If CX is so important for a ‘brand’ …. Why has ‘Experience Management’ lagged in management teaching and practices?

I have often wondered why there are no specialized subjects or courses in management schools around Customer Experience Management – given the potential impact that a holistic understanding and expertise in this area can have on brand value, profitability, and the success of an organization or a public service delivery governance system.

Management subjects get developed and taught at management schools following the creation of a pool of specialized knowledge and literature, case studies, and end-use adoption/application. In the Industrial age, management knowledge around production planning, labor management, inventory planning, resource planning, quality management, etc., developed. Knowledge pools built up leading to dissemination through books, knowledge-sharing forums (seminars, workshops, etc.), and eventually through teaching as a subject at management schools. Courseware developed with more case studies found increased adoption in the actual workplace. Since the pace of change of the industrial era was relatively slow, the process of knowledge development and education integration had time to evolve/iterate and mature.

With globalization and increased competition bringing in quicker product obsolescence, there came the need for swift product distribution and complex multinational organizational management. Management subject development and teachings around these areas also followed. While the Service Economy has been developing adjacent to the industrial economy – first as an ‘after-sales’ appendage to products to now ‘service as a product’.

Earlier, when customers bought products to serve a particular need of theirs, they had to handle everything themselves to make the product deliver the value they were seeking, e.g., understanding the product features, setup, maintenance, operation, etc. To address the latent need gap of ease of product use and time-saving for customers, ‘service bundling’ came up that offered the product (sometimes even multiple products) as a ‘solution offering’ to different customer segments. This has now become a significant part of the ‘service economy’. The ‘overall experience’ management of the service delivery is now paramount to brand/organizational effectiveness and needs a deeper management understanding of measurement and control levers of the ‘experience’ matrix.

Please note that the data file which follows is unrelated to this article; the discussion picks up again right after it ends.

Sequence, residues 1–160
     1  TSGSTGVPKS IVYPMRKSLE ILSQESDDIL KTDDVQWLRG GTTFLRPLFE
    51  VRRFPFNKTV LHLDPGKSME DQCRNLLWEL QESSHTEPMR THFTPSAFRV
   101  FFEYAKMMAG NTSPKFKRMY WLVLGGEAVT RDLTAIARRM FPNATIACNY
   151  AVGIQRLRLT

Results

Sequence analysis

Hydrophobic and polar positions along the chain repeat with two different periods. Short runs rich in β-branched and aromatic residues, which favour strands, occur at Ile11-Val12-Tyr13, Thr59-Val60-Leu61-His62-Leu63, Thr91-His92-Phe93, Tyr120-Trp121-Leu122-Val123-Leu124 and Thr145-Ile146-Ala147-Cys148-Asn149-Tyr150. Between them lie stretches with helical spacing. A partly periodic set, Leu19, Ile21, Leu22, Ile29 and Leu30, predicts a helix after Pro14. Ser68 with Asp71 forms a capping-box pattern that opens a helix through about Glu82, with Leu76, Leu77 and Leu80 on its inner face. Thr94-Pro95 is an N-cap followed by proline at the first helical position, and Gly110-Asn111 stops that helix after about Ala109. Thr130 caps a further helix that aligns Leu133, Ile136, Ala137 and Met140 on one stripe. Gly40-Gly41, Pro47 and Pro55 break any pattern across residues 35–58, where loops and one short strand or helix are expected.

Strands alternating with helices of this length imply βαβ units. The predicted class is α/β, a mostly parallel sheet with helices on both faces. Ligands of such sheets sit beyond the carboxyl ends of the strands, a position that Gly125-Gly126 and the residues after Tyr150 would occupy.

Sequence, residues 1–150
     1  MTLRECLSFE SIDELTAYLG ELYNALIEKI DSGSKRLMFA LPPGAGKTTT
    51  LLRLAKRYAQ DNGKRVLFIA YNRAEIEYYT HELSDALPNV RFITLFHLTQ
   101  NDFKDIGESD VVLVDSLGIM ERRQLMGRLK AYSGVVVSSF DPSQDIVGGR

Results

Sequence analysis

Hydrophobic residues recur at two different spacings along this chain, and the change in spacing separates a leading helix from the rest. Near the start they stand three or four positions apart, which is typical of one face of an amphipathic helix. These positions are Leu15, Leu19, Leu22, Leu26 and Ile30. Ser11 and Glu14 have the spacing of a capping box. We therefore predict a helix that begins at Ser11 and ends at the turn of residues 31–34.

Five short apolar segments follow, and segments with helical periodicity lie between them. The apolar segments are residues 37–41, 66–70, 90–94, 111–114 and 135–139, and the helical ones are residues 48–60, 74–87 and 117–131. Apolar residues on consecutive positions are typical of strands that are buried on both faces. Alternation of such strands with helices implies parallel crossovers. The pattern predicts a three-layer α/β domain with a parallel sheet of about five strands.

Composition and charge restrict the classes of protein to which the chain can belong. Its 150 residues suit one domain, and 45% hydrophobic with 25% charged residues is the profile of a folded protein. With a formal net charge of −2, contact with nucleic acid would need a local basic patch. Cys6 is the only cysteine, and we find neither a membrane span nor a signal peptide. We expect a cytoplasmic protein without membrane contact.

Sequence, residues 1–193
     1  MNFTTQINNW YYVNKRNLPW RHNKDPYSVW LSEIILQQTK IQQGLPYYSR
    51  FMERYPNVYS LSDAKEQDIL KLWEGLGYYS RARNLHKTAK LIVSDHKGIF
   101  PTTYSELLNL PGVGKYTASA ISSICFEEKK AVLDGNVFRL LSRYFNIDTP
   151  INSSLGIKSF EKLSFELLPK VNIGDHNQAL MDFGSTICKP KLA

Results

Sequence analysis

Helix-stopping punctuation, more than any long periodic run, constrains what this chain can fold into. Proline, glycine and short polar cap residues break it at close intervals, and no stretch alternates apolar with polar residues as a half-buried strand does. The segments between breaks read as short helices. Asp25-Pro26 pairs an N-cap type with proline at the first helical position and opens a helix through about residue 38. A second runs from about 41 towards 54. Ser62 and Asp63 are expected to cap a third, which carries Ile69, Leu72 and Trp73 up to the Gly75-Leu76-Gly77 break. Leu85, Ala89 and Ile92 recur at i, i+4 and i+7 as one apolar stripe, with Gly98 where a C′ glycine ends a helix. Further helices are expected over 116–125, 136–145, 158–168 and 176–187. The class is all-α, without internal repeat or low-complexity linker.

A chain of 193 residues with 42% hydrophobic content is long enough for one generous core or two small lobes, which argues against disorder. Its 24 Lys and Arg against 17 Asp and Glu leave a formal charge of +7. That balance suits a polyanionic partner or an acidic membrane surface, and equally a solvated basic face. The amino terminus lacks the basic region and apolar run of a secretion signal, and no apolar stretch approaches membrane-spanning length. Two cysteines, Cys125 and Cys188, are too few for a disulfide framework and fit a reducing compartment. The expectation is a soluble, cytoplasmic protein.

So the question remains: why is ‘Experience Management’ not accelerating in the management schools curriculum as a specialization or management mainstream subject? I believe it is a ‘demand–supply’ gap between organizations and academia. While there has been very rich academic work done on various aspects of Experience Management by academics across the globe and excellent usable models have been developed, adoption of these in organizations is still very scanty. Usage, case studies around these in practices are still far and few in between. Why is this so? My analysis on this is that the ‘vertical’ functional specialization nature of current organizational structure creates a challenge for any new cross-vertical management practice introduction (like Customer Experience Management) and adoption. Typical challenges of organizational change management have to be understood and overcome. It needs an organizational leader – typically the CEO (but it could also be the CMO/CRM Head in the organization) who understands and passionately believes in the business benefits of ‘Customer Experience’ delivery capabilities of the organization and has the ability to drive through this change. There are not too many business leaders who are using Experience Management as the key pillar for their brand/business strategy e.g., Jeff Bezos (Amazon), Herb Kelleher (Southwest Airlines), Tony Hsieh (Zappos) are just a few owner-founders who built their large business fortune on the back of comprehensive Customer Experience Management practices and delivery. This has meant fragmentation of different aspects of Experience Management – e.g., contact management, touchpoint process management, customer segmentation and analytics, etc., making each an independent subject of specialization. There is a need for some forward-thinking management school to invest and weave different aspects of Customer Experience elements into specialized courseware and offer it to industry/public delivery organizations. Tabulating the subsequent success and changes this brings out to business and citizen delivery services will accelerate the demand for such a management specialization.

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